Film Review: ‘Trouble with the Curve’


Outside Academy Awards hopeful Trouble with the Curve (2012), helmed by Clint Eastwood’s longstanding producer and friend Robert Lorenz who now directs the aforementioned American cinema icon, is a token sports-cum-family drama about the woes of a legendary, ailing baseball scout now entering the twilight years of his illustrious career. Protagonist Gus Lobel (Eastwood) is under threat of being put out to pasture by the Atlanta Braves as his eyesight starts to fail him. Despite his ocular woes, Gus is determined to stay in the game and goes on a final scouting tour to examine a young Ty Cobb in the making.

Gus’ concerned daughter Mickey (Amy Adams), with whom he shares a fractious relationship, abandons her law firm to help out her dad, providing years of passively accumulated knowledge of the game in the process. When they arrive they encounter new Boston Red Sox scout and ex-major league pitcher Johnny (Justin Timberlake), who is also gunning for the new talent. Eastwood’s grizzled charm lends itself perfectly to the cantankerous Gus, whose defiance in the face of old age manifests in scenes where he rolls his Cadillac out of the garage and/or chomps down on an endless supply of cigars. This makes for a great character for Adams’ spunky Mickey to bounce off, gradually revealing the resentment she feels towards her absent father in the wake of her mother’s death.

This relationship echoes the wider theme of age in the movie, where all the characters under thirty persistently bury their heads in their Blackberries and insist on the infallibility of computers to predict the game. Lorenz’s Trouble with the Curve is, for the most part, all a bit too hammy, preaching a simplistic message of how it was better ‘back in the day’. Nevertheless, this note of nostalgia lends a certain charm to Randy Brown’s script, and is accompanied by sharp camera work from Tom Stern, who beautifully captures the seedy bars and provincial stadiums’ grubby white and emerald green pitches.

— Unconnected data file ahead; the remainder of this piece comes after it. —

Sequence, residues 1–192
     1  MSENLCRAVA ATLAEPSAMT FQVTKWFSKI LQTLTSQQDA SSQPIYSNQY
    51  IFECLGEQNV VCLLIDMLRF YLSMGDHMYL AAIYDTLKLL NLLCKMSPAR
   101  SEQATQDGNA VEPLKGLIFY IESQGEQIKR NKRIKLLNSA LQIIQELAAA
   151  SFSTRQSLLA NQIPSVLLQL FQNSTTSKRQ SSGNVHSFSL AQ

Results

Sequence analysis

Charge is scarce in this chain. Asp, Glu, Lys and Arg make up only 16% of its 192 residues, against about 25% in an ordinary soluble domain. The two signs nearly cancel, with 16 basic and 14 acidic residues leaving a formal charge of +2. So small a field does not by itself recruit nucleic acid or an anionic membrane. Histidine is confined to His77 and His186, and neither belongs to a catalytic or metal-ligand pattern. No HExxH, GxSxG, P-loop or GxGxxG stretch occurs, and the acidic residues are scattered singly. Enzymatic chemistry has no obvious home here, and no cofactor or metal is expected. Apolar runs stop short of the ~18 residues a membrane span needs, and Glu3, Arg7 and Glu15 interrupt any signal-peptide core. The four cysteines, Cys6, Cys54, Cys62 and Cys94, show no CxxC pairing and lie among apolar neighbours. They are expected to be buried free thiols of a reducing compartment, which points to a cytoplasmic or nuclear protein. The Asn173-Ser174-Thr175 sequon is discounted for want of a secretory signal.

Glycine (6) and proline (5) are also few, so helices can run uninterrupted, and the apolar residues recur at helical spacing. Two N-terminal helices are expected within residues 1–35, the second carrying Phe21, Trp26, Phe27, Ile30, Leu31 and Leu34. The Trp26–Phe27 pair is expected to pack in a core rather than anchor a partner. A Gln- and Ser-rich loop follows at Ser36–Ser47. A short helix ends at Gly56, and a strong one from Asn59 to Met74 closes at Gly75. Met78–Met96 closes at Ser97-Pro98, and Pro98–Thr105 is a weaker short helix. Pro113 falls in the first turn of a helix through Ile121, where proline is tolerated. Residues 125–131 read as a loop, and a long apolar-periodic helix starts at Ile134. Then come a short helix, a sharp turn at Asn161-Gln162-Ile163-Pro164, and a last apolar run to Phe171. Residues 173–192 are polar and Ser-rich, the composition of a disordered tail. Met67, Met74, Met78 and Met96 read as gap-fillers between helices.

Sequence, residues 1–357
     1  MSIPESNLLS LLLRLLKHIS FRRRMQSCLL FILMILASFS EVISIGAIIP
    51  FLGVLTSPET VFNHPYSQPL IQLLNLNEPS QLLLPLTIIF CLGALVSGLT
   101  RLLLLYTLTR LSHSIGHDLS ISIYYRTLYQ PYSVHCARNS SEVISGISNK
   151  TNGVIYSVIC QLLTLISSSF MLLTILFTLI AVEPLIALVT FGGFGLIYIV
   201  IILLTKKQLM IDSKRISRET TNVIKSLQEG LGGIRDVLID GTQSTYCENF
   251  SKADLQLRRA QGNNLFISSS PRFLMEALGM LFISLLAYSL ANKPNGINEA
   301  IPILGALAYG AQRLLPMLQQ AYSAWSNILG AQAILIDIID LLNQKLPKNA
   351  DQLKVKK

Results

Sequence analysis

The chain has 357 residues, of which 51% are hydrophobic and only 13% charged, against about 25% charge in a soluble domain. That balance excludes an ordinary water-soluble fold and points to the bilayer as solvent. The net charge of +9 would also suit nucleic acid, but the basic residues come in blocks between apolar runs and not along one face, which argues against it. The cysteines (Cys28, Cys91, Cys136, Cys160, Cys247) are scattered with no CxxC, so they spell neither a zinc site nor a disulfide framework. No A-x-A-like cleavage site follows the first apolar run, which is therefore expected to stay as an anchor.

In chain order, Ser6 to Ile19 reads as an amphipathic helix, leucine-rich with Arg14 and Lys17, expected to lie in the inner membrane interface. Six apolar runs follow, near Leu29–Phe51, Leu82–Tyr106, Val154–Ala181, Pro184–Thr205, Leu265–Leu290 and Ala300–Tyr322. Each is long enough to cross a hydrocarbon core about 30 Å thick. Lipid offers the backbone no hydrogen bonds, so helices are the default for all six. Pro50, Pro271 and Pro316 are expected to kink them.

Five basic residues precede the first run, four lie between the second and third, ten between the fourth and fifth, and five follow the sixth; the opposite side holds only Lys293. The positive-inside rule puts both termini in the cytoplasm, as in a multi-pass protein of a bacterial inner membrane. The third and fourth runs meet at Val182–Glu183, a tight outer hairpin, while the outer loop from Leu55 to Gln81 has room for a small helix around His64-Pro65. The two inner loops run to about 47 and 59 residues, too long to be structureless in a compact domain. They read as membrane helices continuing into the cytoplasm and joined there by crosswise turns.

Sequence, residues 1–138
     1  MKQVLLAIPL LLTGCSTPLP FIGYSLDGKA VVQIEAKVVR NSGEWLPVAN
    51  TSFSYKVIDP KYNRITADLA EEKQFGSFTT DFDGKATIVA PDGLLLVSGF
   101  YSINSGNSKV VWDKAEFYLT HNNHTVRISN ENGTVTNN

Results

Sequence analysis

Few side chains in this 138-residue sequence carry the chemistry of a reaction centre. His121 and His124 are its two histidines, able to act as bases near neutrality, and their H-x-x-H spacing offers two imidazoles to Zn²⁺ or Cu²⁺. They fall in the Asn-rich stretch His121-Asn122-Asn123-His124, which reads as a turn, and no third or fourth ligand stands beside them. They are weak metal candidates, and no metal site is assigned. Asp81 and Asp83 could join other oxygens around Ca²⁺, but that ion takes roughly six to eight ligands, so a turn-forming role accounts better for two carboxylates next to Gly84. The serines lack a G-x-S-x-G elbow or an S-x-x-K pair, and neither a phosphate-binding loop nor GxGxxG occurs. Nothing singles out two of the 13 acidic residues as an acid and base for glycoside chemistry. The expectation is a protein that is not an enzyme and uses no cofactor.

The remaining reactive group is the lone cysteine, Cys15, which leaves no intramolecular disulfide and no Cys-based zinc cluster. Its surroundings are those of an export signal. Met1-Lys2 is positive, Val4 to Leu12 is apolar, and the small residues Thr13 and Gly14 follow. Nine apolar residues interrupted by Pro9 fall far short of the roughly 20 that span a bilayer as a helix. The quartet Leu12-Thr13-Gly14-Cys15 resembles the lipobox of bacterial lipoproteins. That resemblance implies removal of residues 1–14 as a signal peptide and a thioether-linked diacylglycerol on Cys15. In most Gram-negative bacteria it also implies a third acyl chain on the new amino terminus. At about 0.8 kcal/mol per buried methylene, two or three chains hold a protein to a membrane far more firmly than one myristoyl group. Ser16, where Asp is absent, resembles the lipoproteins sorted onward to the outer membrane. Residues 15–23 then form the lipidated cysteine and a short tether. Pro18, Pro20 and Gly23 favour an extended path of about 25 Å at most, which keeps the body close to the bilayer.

Whilst there are notably pleasing aspects to this tale, this is no Moneyball (2011). At its best it is functional Sunday evening fodder. The handling of the themes feels shallow with little grit, and whilst the main cast (including the ever-reliable John Goodman) are entertaining enough you can’t help but feel they all see this as a filler movie career-wise, rather than a project with passion. The plot trundles along with inevitable predictability and the antagonist, in the form of Matthew Lillard’s greasy Phillip (a young buck with dreams of taking Gus’ job), is just too creeping and nasty. Essentially this is a tired exercise in out-dated storytelling that lacks any level of peril or excitement.

Unfortunately, Lorenz’s Trouble with the Curve is too self-satisfied, too functional, and whilst watchable is equally forgettable for its inevitability. A not quite charmless, but ultimately disappointing swing and a miss from Eastwood, Adams, Timberlake et al.

Joe Walsh

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